Clearly, the dam will only be viable if virtually all the electricity produced is sold to the huge Brazilian market. Total domestic demand for electricity in Bolivia is only slightly higher than Cachuela Esperanza’s projected 990 megawatt capacity, and the three nearest municipalities consume less than 20 megawatts in total.
Other large markets for energy in Bolivia, like Trinidad, the capital of Beni, are at least 1,000 kilometres away, and the cost of building transmission lines would be prohibitive.
In effect, therefore, the hydroelectric project would be a Brazilian utility located on Bolivian soil. In all probability its execution and finance, as well as its consumer market, will be Brazilian.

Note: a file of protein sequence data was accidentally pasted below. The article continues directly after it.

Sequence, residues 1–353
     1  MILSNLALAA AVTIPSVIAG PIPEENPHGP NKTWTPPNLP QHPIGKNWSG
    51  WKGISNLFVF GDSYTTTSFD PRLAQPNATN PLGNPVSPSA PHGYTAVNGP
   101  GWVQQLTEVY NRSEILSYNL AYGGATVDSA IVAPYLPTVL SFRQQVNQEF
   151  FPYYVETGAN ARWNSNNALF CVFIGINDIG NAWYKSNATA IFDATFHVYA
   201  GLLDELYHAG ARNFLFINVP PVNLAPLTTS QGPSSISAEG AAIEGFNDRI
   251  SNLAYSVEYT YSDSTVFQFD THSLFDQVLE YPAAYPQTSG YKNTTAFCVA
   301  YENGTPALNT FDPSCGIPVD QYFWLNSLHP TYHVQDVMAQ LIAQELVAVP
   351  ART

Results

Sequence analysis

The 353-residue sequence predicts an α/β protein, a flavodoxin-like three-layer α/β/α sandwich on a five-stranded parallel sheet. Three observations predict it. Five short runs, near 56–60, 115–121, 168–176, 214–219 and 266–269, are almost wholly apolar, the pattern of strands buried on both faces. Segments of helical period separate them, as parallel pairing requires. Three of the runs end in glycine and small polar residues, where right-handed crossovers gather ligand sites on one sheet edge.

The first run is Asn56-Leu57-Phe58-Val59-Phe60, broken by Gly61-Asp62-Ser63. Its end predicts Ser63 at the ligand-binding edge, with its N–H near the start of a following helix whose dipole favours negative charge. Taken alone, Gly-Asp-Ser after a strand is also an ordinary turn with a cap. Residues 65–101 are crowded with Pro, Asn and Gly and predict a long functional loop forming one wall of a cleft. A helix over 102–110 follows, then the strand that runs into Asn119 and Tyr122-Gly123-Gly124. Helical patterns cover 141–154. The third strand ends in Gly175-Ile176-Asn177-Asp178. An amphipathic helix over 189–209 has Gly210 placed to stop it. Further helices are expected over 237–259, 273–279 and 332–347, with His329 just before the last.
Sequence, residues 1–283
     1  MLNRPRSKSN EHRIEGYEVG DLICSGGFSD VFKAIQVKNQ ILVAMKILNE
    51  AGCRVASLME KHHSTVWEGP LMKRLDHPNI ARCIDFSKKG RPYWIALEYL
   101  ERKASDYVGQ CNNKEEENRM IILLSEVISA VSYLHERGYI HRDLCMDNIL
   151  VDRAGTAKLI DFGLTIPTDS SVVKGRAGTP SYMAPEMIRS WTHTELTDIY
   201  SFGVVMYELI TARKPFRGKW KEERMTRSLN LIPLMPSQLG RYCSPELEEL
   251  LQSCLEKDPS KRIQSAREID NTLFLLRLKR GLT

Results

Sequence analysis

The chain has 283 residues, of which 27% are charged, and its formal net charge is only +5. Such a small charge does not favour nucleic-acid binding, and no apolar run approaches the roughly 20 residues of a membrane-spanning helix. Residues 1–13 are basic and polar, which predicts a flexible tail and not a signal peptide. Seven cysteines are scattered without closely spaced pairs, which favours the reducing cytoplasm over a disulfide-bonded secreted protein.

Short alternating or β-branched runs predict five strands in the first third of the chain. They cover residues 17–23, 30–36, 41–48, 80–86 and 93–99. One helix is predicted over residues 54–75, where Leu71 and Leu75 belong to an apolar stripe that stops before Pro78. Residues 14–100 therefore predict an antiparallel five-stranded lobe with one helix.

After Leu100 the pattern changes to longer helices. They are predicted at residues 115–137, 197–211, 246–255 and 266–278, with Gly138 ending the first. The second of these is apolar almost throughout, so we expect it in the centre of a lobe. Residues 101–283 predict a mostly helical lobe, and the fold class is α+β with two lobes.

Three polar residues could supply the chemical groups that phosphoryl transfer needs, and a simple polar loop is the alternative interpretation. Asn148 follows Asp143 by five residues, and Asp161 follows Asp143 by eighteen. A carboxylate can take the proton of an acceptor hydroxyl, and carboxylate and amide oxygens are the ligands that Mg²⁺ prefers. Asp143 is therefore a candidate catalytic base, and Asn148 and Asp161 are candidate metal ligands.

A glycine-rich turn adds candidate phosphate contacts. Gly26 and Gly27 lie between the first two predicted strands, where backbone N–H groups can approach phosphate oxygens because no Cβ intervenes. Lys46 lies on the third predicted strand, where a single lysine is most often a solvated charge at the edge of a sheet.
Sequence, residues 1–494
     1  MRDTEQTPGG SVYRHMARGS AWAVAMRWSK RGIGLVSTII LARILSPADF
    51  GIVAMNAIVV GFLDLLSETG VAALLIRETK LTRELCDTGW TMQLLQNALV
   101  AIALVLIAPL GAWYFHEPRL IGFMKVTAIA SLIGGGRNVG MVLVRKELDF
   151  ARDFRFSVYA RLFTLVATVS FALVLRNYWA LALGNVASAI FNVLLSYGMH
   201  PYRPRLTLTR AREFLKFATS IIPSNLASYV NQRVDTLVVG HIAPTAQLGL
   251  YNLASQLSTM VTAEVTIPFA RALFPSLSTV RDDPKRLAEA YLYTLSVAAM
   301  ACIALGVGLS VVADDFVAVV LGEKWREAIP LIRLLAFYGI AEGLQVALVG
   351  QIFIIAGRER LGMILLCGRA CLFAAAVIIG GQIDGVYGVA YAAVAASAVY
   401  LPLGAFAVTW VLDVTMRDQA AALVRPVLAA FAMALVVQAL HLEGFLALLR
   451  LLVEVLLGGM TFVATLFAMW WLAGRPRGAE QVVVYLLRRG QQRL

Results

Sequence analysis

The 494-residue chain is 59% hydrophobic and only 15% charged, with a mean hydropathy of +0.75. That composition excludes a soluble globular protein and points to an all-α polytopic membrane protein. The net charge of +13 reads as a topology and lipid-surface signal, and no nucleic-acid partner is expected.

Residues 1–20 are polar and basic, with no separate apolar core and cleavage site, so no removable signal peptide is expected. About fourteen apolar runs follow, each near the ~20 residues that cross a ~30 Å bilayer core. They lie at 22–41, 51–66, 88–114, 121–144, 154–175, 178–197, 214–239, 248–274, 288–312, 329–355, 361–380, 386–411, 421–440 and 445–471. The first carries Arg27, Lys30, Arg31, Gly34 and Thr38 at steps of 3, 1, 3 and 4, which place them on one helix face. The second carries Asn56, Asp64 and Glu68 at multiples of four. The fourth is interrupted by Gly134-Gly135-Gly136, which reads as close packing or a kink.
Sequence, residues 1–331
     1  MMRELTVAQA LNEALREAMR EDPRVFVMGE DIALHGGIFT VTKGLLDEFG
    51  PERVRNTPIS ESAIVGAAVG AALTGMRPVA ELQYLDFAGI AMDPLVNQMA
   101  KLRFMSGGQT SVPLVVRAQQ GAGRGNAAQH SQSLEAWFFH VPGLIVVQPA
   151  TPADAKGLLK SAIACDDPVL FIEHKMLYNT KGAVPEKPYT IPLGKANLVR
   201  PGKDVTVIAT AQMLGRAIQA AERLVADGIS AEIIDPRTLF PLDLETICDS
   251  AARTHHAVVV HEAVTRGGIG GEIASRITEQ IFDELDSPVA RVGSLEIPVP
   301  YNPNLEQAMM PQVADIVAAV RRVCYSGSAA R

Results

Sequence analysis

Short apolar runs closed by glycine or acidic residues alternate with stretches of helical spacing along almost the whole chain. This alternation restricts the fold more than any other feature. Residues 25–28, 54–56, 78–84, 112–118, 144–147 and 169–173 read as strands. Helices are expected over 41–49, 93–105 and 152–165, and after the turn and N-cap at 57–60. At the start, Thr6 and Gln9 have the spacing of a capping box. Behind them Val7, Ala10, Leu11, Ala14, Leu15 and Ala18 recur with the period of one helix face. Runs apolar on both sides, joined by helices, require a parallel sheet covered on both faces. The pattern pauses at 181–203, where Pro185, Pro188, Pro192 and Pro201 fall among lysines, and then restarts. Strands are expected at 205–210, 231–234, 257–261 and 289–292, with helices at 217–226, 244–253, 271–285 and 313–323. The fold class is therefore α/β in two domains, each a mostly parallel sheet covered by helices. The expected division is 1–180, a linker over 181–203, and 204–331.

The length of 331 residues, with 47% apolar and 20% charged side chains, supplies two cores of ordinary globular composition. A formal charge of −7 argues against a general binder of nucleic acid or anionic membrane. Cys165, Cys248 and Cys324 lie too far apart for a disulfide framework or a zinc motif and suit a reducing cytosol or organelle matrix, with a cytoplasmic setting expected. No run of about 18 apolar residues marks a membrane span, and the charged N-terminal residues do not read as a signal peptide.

This is tantamount to renouncing Bolivia’s “energy sovereignty,” said Justiniano, an engineer working as an independent consultant with the Ministry of the Environment and Water.
This view could carry a great deal of weight in this country, where oil and gas were nationalised in 2006 with massive popular support. The nationalistic pride fostered by Morales at that time may backfire now against the plan to build a hydroelectric plant that will be largely controlled by a foreign power.
Organisations like the Confederation of Indigenous Peoples of Eastern Bolivia (CIDOB) have also protested the environmental impact that the dam will have.
Brazil, threat or opportunity
Along the border, Brazil’s overwhelming economic power is palpable everywhere, and can be seen as a threat or as an opportunity.